Month: April 2021

Humanities Undergraduate Attends Society for Technical Communication Summit

STC 2020 Summit Logo

Professional development opportunities that students can take advantage of while they are in school contribute significantly to student success after graduation. For Julia Barnes, Scientific and Technical Communication (STC) major, a recent opportunity to hear from professionals in her field was a great way to continue to build her expertise and her network. Barnes attended the 2020 Society for Technical Communication Summit in May. 

While she was looking forward to a trip to Seattle, WA to attend in person, Covid-19 restrictions resulted in a shift to a virtual conference. However, the result was no less impactful for Barnes. “I was able to visit sessions that covered a wide range of topics from project tracking to giving feedback. I learned a lot and engaged in meaningful conversations with the other attendees as well.” One benefit of the virtual format? “All of the sessions have been recorded and the slides are available to download until August or so. So many of the topics this year are relevant, no matter the workplace or profession. I’m going to continue tuning into sessions so that I can hear what other technical communicators have to say.”

STC undergraduate students from Michigan Tech have been able to attend the Summit annually over the past several years thanks to the encouragement and support provided by Nancy Hoffman, a member of the Society for Technical Communication and generous friend of the Humanities department. The department thanks her for helping provide these valuable opportunities for our students.


Van Kooy’s paper for London conference examines ‘the plantationoscene’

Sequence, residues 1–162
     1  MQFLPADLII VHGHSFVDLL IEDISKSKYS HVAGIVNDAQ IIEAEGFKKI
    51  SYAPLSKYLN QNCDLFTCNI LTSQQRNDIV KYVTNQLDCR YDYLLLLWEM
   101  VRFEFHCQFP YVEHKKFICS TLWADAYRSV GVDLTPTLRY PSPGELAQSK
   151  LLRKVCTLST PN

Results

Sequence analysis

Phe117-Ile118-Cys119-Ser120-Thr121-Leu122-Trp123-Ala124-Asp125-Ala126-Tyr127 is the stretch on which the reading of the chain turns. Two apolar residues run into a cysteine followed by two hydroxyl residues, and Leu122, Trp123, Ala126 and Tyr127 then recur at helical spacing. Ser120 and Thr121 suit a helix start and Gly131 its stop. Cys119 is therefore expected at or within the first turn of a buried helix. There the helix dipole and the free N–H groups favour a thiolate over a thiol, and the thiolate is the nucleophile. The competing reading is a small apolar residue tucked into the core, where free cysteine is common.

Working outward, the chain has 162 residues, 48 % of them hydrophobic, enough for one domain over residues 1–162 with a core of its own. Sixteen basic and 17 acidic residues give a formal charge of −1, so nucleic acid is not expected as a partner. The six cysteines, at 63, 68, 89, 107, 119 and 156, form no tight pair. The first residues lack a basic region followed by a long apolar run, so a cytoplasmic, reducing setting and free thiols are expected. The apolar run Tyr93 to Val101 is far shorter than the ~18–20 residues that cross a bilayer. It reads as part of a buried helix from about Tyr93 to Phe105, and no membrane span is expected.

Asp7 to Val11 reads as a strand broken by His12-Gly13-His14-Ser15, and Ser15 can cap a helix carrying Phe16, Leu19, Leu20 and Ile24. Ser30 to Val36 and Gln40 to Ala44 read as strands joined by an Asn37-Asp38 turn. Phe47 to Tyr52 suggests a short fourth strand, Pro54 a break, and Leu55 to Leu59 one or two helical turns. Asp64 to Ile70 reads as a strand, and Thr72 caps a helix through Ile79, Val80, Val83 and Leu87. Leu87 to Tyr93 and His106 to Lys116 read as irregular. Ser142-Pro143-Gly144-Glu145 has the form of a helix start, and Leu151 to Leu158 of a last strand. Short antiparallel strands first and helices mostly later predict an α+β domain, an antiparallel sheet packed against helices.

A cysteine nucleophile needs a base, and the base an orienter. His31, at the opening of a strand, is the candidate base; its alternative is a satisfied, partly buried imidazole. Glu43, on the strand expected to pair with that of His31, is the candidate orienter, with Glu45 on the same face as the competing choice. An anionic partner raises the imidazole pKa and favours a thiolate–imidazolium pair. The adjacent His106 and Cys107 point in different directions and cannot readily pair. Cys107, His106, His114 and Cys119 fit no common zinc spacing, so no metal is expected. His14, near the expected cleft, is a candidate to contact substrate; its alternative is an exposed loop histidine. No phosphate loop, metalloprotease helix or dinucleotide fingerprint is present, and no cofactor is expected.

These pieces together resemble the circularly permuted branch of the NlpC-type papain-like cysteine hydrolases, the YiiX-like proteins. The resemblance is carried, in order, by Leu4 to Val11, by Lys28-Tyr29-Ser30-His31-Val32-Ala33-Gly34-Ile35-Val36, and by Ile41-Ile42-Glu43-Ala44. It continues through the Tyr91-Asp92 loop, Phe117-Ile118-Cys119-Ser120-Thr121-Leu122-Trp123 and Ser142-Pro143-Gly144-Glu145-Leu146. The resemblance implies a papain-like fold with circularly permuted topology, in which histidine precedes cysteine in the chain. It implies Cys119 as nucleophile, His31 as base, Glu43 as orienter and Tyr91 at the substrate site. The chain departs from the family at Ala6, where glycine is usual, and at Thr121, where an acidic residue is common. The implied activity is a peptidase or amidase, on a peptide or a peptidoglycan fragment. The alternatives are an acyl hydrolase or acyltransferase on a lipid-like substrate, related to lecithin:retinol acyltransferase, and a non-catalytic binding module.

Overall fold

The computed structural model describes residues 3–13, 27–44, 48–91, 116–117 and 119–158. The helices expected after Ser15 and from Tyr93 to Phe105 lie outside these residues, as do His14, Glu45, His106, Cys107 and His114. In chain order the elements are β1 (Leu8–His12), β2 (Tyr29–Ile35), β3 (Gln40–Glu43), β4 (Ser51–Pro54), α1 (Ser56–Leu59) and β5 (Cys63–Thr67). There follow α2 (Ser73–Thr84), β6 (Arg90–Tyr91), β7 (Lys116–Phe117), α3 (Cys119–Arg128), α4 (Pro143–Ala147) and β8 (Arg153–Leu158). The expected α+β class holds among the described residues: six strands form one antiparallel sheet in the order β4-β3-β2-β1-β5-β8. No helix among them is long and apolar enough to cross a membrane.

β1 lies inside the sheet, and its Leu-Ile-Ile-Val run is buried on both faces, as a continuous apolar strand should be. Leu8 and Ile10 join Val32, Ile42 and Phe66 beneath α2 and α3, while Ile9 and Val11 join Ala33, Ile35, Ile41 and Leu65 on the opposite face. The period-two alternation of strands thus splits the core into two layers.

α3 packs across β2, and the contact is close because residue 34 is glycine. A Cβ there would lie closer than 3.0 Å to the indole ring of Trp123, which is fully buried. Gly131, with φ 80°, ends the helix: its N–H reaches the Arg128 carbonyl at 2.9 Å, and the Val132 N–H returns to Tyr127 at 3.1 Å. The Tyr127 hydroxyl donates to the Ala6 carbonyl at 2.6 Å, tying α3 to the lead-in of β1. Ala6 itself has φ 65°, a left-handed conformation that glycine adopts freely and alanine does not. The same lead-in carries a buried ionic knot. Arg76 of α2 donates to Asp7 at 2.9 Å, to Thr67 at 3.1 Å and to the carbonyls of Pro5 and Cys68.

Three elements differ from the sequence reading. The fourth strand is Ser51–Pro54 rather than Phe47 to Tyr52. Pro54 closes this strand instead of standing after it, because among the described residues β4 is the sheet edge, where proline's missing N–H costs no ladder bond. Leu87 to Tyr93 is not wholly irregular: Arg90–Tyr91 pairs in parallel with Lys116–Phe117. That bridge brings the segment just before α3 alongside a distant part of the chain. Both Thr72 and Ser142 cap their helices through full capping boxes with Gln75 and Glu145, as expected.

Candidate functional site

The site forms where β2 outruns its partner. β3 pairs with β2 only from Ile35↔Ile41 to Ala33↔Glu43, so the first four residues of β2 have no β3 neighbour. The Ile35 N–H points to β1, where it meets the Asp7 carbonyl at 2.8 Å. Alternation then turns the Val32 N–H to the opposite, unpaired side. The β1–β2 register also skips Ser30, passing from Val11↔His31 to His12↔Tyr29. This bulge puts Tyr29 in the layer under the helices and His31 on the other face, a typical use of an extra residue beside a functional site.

Associate Professor Dana Van Kooy presented her essay, “Assemblages of the Plantationoscene” recently at The London Stage and the Nineteenth-Century World III conference, sponsored by the New College at Oxford University.

Invoking the neologism “plantationoscene,” the paper from Van Kooy, who directs Tech’s English program, examines John Fawcett’s pantomime, “Obi; or Three-Finger’d Jack,” which opened at London’s Haymarket Theatre in 1800. Linking the era (cene) to the performance and visual reproduction of specific theatrical scenes, this neologism offers an alternative framework for interpreting Fawcett’s pantomime, which assembled scenes of plantation life and its corresponding devastation into a formulaic plot.

Focusing on stage descriptions and those scenes advertised on its playbills, “Assemblages of the Plantationoscene” draws attention to the production of a visual ecology that reconfigured the colonial landscape.

In her abstract, Van Kooy established the relevance of the topic: “Throughout The Atlantic World, the plantation system marked a period of human and ecological disaster, one that theaters in Britain and the United States readily transformed into captivating spectacles throughout 18th and 19th centuries. The scale of this devastation continues to impact society in myriad ways, including racialized violence and policies that associate people and labor practices with ‘natural’ and/or geographical spaces.”